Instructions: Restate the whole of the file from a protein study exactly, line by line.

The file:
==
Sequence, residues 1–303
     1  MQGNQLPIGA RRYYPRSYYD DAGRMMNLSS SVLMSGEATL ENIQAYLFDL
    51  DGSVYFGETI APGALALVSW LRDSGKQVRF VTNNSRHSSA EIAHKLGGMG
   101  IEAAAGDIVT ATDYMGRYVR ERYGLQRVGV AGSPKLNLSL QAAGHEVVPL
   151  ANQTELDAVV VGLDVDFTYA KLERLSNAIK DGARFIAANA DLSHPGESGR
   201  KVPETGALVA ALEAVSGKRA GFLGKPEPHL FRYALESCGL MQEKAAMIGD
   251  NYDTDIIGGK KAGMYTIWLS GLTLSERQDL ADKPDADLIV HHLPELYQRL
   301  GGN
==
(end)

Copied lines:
Sequence, residues 1–303
     1  MQGNQLPIGA RRYYPRSYYD DAGRMMNLSS SVLMSGEATL ENIQAYLFDL
    51  DGSVYFGETI APGALALVSW LRDSGKQVRF VTNNSRHSSA EIAHKLGGMG
   101  IEAAAGDIVT ATDYMGRYVR ERYGLQRVGV AGSPKLNLSL QAAGHEVVPL
   151  ANQTELDAVV VGLDVDFTYA KLERLSNAIK DGARFIAANA DLSHPGESGR
   201  KVPETGALVA ALEAVSGKRA GFLGKPEPHL FRYALESCGL MQEKAAMIGD
   251  NYDTDIIGGK KAGMYTIWLS GLTLSERQDL ADKPDADLIV HHLPELYQRL
   301  GGN